Heart Mountain Wind farm feasibility appraised

Posted 2/17/09

The point of Rogers' presentation was to not to allow a wind developer to call the shots, but to put Heart Mountain Irrigation District stake-holders in the driver's seat.

“So you can be price-makers, not price-takers,” Rogers …

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Heart Mountain Wind farm feasibility appraised


It was a windy meeting for Heart Mountain Irrigation District landowners Wednesday, but it wasn't a blustery debate, just a look at wind farm options and profit potential, presented by a man with experience dealing with wind power developers.Jim Rogers of Laramie, chairman of Windy Ranches Association LLC., has been conferring with wind developers the last few years, aiming to strike the best deal possible with a wind developer and thus provide wind-blown returns for a group of 10 landowners comprising more than 70,000 acres in the Laramie area.

The point of Rogers' presentation was to not to allow a wind developer to call the shots, but to put Heart Mountain Irrigation District stake-holders in the driver's seat.

“So you can be price-makers, not price-takers,” Rogers said.

While the entire site is under development, the district can levy from $4 to $8 per acre, Rogers said.

That would encompass the entire district. Heart Mountain Irrigation District oversees about 31,000 acres of irrigable land.

Once the turbines begin turning, the price per acre terminates and a new formula is hatched.

With 75 towers, Rogers said the district could yield $5,000 to $6,000 per tower.

Crunching Rogers' numbers, that is $375,000 to $450,000 per year.

Wind farms have a 20-year life span, so a contract with a developer would be up for renewal in 20 years. Negotiations for another 20 years would be likely, Rogers said.

If all district users are in accord, all could be in for a windfall.

Rogers said in some associations, all those involved get some money whether the turbines are on their property or not. For example, those with turbines could receive 60 percent of the return, with the remaining 40 percent receiving the rest, but that would be up to the district to decide.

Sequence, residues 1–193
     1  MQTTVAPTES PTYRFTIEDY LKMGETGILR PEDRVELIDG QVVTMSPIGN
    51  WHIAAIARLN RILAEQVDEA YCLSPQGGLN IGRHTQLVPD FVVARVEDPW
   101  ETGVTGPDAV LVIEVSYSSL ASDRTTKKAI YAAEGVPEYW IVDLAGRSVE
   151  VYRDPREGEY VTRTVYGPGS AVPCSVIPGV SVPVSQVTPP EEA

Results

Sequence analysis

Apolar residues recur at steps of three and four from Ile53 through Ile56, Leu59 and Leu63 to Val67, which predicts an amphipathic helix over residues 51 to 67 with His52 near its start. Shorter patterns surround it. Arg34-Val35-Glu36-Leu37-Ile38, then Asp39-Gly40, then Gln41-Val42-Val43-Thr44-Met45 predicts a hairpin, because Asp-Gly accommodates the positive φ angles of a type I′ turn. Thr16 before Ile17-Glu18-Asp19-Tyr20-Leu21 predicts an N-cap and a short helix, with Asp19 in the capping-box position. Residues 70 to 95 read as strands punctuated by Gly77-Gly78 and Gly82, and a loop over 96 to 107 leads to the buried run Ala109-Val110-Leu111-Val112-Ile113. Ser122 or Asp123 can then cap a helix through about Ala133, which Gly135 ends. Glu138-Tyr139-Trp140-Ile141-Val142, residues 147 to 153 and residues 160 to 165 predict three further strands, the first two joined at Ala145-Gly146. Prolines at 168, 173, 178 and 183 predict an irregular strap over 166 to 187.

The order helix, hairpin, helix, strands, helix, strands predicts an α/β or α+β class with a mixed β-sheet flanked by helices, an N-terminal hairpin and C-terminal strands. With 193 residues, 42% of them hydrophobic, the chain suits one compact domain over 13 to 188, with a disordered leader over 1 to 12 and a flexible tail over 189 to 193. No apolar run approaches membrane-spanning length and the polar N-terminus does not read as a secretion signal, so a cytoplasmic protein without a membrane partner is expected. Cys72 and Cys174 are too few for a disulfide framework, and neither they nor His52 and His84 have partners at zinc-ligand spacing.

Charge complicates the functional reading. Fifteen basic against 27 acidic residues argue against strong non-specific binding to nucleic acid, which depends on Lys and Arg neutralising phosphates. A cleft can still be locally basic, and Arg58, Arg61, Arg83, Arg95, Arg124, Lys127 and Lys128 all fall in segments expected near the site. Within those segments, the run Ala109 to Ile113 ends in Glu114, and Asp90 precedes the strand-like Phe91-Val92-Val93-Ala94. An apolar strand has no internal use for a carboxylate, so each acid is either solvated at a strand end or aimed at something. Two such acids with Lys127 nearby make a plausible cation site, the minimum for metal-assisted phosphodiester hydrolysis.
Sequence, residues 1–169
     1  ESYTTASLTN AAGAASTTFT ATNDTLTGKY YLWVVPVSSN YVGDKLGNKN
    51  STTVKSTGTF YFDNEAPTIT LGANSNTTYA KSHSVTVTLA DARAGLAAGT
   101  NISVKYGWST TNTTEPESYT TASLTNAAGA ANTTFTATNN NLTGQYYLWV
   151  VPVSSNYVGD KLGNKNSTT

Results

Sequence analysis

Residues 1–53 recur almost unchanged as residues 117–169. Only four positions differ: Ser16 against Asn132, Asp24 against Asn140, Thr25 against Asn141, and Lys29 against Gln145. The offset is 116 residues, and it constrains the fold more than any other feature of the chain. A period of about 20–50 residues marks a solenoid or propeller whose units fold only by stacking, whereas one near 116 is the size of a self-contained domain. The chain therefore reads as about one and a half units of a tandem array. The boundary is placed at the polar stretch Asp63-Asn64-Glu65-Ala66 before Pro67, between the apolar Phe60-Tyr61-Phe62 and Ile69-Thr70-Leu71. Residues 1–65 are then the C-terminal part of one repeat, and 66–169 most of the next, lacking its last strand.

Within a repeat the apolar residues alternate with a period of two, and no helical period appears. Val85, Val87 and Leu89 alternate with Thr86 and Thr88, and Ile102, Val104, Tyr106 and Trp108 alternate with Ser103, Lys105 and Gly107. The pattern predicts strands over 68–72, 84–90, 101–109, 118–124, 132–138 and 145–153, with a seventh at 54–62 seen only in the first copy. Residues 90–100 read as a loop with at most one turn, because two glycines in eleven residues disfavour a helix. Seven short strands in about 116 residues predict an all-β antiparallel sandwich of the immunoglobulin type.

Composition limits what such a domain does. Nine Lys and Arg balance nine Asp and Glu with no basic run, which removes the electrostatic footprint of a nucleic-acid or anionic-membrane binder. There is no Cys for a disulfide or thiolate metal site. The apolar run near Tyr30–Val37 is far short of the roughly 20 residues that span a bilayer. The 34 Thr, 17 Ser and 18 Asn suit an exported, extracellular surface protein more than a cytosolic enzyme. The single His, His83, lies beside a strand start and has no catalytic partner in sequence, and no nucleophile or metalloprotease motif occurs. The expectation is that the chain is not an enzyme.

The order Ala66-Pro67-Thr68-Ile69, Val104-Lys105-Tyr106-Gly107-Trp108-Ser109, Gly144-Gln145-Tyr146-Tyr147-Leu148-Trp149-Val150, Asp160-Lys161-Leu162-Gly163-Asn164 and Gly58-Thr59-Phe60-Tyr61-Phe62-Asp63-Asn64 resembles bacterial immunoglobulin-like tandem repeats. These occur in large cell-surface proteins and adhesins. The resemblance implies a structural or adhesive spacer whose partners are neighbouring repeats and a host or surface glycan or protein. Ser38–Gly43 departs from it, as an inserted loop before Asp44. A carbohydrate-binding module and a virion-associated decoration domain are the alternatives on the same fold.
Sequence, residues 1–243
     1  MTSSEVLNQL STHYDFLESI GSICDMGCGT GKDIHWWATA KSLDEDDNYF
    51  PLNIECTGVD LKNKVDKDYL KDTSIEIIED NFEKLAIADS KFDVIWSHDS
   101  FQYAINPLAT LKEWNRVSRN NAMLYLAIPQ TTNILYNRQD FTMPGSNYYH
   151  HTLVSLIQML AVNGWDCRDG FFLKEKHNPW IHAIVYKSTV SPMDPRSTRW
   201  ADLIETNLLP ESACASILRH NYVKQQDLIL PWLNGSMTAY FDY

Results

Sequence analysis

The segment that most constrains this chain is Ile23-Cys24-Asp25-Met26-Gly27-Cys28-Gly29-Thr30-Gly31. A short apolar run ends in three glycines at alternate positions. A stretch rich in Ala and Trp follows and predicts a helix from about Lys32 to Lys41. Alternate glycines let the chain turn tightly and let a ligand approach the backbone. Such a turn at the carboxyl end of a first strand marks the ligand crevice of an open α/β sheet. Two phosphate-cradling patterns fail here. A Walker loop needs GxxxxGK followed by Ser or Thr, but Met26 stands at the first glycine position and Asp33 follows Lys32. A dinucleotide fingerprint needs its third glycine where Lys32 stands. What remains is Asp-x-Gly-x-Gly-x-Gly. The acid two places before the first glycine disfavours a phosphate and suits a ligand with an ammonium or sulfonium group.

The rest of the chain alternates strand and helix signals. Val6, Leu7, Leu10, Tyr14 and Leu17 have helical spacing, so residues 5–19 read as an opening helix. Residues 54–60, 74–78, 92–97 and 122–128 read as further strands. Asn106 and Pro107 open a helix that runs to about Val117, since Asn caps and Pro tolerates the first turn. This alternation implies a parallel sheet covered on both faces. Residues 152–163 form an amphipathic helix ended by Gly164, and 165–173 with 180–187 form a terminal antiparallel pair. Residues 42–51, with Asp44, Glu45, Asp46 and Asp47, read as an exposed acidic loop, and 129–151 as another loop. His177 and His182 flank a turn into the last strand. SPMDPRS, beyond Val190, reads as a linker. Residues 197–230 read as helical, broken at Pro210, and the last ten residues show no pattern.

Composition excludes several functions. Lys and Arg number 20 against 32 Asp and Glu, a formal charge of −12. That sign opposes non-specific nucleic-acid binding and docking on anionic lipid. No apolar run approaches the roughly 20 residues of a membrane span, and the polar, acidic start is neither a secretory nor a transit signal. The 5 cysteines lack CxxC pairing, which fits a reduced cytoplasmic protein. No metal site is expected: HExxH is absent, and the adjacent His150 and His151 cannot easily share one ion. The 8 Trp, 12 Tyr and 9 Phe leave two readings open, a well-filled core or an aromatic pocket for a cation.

Developers will pay for the construction of turbines and in some cases, the transmission of the power. In other scenarios, transmission line builders erect the power lines, charging the power generators for space to transport the juice, Rogers said.

Rogers said if you send 50 requests for proposals to potential developers, expect 15 replies. Of that 15, six or seven will likely show real interest.

He encouraged shopping around.

Rogers said to negotiate an annual fee for wind turbine access roads and make sure the developer controls weeds, plants and native vegetation for five years.

And demand the developer maintains the county roads while they are hauling the heavy turbine components to the sites.

The ideal wind is 18-23 mph, but the Heart Mountain anemometer averages 16 mph. But that may be doable.

“You're right in there,” Rogers said.

The anemometer is 50 meters tall or 164 feet. Standard turbines stand 200 feet.

Rogers said wind speed increases with height.

“Two hundred feet, you may be at 18, 19, 20 (mph),” Rogers said.

The Obama administration promotes green energy, and may offer incentives to wind power by fronting up to 30 percent of the initial cost, Rogers said.

Southeastern Wyoming is No. 1 in the nation for wind, but it has a drawback.

At the Arlington wind farm, about 40 miles northwest of Laramie, the turbines must be turned out of the wind when it exceeds 50-60 mph. Rogers calls it “shear factor” — when the overbearing breeze can actually tear up the turbine.

Before wind-borne enthusiasm soars to whirlwind proportions, it may behoove enthusiasts to appraise wildlife.

Erik Molvar, wildlife biologist and executive director of Biodiversity and Conservation Alliance in Laramie, would not recommend wind turbines in the Heart Mountain area, chiefly because of sage grouse.

Heart Mountain has a bird conservation area. There are raptors and bats that could become tangled in turbine blades, Molvar said.

“But the sage grouse are the biggest concern for that area,” Molvar said.

There are sage grouse leks, or breeding grounds, around Heart Mountain and it is one of Gov. Dave Freudenthal's sage grouse core areas, Molvar said.

Wyoming is the last stronghold for sage grouse.

“Make sure you keep them,” Molvar said.

On the other hand, the folks in Heart Mountain District could overlook wildlife concerns or decide to mitigate on their own terms.

“The landowner has broad authority to manage their property as they see fit,” Molvar said.

Rogers said the state of Wyoming is amiable to wind farms on its land, but the Bureau of Land Management is not so agreeable because of National Environmental Policy Act requirements.

It could take five or six years from the time RFPs are sent and the turbines spin, Rogers said. But, it allows landowners to keep farming/ranching and to keep their children on the land, Rogers said.

“I think this is a win-win for our country and a win-win for agriculture,” Rogers said.

Rogers was enthusiastic.

“I would say go for it,” he said.